In the runs of Table IV conversion was favored by lower reaction temperatures and the presence of tetrahydrofuran promoted higher degrees of conversion. In addition, cyclohexane was again shown to be a diluent superior to toluene whether or not tetrahydrofuran was present.
Further runs were made in accordance with the following recipe:
______________________________________RecipeChargeOrder phm______________________________________1 Cyclohexane 5853 1,3-Cyclohexadiene 502 Styrene 504 Tetrahydrofuran variable5 sec-Butyllithium 2.4 mhm Temperature variable Time, hrs. 16______________________________________
TABLE V______________________________________Run Temp., THF, GelNo. ° F phm % Conversion IV Wt. %______________________________________29 41 0 23 -- --30 41 1 76 0.49 031 41 2 78 0.46 032 41 4 67 0.51 033 41 6 72 0.46 034 41 10 67 0.44 035 77 0 21 -- --36 77 1 65 0.48 037 77 2 69 0.48 038 77 4 65 0.45 039 77 6 65 0.43 040 77 10 61 0.41 0______________________________________
The data shown in Table V above again illustrates that lower temperatures favor higher conversion. Also the above data generally indicate that conversion can be increased by adding tetrahydrofuran to the reaction mixture, and that the effect of the added tetrahydrofuran increases up to a point beyond which continued increases cause the conversion to decline.
Further runs were made in accordance with the following recipe:
______________________________________Recipe phm mhm______________________________________Cyclohexane 780Styrene variable1,3-Cyclohexadiene variableTetrahydrofuran variablesec-Butyllithium, or 3n-Butyllithium 3Time variable (periodic sampling)Temperature variable______________________________________
TABLE VI______________________________________ Con- ver- BuLi- sionRun Sty CHD THF iso- Time Temp. Wt. CHDNo. phm phm phm mer min. ° F % %______________________________________41 60 40 0 sec- 7 122 46.5 31.942 60 40 0 sec- 15 122 51.9 32.543 60 40 0 sec- 30 122 52.4 --44 60 40 0 sec- 45 122 53.5 --45 60 40 0 sec- 60 122 53.2 --46 60 40 0 sec- 210 122 55.4 32.847 60 40 2 n- 1.5 86 17.4 3.948 60 40 2 n- 3 86 40.3 7.049 60 40 2 n- 10 86 68.8 12.150 60 40 2 n- 20 86 78.3 18.851 60 40 2 n- 45 86 88.9 21.952 60 40 5 n- 1.25 86 15.4 --53 60 40 5 n- 3 86 34.7 4.354 60 40 5 n- 10 86 63.6 7.155 60 40 5 n- 22.5 86 76.7 18.256 60 40 5 n- 45 86 86.9 21.3______________________________________
From the above data shown in Table VI it was determined that the presence of tetrahydrofuran markedly raised the polymerization rate, promoted 1,3-cyclohexadiene blockiness by concentrating the incorporation of 1,3-cyclohexadiene into the latter stages of polymerization and permitted the use of the more economical normal isomer of the organolithium initiator in place of the secondary isomer by raising the reactivity of the normal isomer. It is noted that the reaction temperature was lower when the tetrahydrofuran/-n-butyllithium initiator was used and the increase in polymerization rate and high reactivity of the normal organolithium isomer can be attributed, to some degree, to the lower reaction temperature; however, from the previous examples, in particular Examples IV and V, it can be seen that the lower reaction temperature alone will not produce the degree of improvement in the conversion indicated above.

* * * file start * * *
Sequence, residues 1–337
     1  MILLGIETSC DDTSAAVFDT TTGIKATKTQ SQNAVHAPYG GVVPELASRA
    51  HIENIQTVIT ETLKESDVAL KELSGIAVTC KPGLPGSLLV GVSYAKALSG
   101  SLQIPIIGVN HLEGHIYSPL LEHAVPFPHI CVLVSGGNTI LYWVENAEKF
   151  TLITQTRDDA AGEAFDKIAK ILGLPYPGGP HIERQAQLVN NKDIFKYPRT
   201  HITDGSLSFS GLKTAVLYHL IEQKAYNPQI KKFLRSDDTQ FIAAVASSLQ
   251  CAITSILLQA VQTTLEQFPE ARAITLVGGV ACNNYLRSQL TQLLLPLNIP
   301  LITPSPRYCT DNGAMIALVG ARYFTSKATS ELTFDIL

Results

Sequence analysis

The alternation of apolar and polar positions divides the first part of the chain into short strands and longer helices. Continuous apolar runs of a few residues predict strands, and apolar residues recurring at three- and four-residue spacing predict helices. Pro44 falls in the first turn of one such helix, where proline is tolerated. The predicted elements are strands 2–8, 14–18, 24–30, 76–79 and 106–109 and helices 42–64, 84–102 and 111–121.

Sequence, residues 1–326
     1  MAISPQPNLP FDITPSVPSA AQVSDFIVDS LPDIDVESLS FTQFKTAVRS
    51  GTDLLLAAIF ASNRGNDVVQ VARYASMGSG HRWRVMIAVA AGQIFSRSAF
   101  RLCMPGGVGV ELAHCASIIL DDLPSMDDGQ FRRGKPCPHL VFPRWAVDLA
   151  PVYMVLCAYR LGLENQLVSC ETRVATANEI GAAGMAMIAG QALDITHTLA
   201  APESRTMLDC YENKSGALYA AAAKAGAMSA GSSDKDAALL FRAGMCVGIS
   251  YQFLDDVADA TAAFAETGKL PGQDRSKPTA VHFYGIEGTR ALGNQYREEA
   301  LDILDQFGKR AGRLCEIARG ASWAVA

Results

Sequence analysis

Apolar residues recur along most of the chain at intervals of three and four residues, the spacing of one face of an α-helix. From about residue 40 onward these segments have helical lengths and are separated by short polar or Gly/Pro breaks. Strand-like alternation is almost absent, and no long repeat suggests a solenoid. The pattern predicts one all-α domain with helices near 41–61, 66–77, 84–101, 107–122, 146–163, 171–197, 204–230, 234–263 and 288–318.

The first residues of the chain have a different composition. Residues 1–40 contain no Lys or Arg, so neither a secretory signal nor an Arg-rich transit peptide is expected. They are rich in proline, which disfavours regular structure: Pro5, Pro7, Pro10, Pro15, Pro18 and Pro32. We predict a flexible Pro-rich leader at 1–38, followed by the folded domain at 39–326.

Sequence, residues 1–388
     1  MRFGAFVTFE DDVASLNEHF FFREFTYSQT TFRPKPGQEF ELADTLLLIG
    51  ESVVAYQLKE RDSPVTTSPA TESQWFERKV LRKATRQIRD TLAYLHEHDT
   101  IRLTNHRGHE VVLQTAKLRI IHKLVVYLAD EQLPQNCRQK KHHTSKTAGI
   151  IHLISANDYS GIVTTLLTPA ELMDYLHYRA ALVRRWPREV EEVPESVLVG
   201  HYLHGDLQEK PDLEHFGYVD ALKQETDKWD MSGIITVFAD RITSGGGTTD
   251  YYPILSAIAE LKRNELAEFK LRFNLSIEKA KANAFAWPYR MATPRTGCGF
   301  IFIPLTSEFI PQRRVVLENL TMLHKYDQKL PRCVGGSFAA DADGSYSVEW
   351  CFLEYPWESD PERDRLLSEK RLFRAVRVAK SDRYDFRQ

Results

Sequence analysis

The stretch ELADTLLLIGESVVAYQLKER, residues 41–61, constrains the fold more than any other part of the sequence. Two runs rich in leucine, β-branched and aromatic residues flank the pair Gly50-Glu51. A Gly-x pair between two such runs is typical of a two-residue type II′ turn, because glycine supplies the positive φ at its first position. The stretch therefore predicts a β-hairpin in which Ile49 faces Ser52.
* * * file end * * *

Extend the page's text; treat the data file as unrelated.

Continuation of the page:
Further runs were made in accordance with the following recipe:
Recipe______________________________________Solvent phm______________________________________2,3-dimethylbutane.sup.(1) 500methylcyclopentane.sup.(1) 565cyclohexane 5851,3-Cyclohexadiene 50Styrene 50Tetrahydrofuran variablesec-Butyllithium 4.8 mhmTemperature 50° CTime, hrs. 5______________________________________ .sup.(1) Distilled from n-butyllithium.
TABLE VII______________________________________ Tetra- Conver- GelRun hydrofuran sion Inherent Wt.No. Solvent phm Wt. % Viscosity %______________________________________57 2,3-dimethyl- 0 29 0.3 0 butane58 2,3-dimethyl 2 45.5 0.63 0 butane59 methylcyclo- 0 29 0.22 0 pentane60 methylcyclo- 2 35.5 0.52 0 pentane61 cyclohexane 0 33 0.22 0______________________________________
Comparing data shown in Table VII with that in Table IV, it is clear that 2,3-dimethylbutane, methylcyclopentane and cyclohexane are superior diluents compared to toluene where no ether is present.
A series of runs was made in accordance with the following recipe. These runs measured the comparative effectiveness of several agents useful for employment with the organolithium initiator in order to increase the degree of conversion and the polymerization rate. It is noted that two of these compounds are ethers and two are tertiary amines.
______________________________________Recipe phm______________________________________Cyclohexane 780Styrene 601,3-Cyclohexadiene 40DiLi-3 7.0 milliequivalentsN,N,N' ,N' -Tetramethylethylene-diamine (TMED) variableDimethoxyethane (DME) variableTetrahydrofuran (THF) variableTriethylamine (TEA) variableTemperature 30° C (86° F)Time, hours 16______________________________________
The charge information and results appear in the following table.
TABLE VIII______________________________________Run Agent ConversionNo. Compound phm Weight %______________________________________62 None 0 45.563 TMED 0.2 87.564 TMED 0.5 93.065 TMED 2.0 88.566 DME 0.5 82.567 DME 2.0 80.568 THF 2.0 96.569 THF 4.0 96.570 TEA 2.0 53.071 TEA 5.0 58.0______________________________________
In a comparison between the conversion of run 62 in which no ether or tertiary amine was used and the conversion for runs 63 through 71 in which either an ether or tertiary amine was used, it is clear that both ethers and tertiary amines improve conversion under the conditions employed.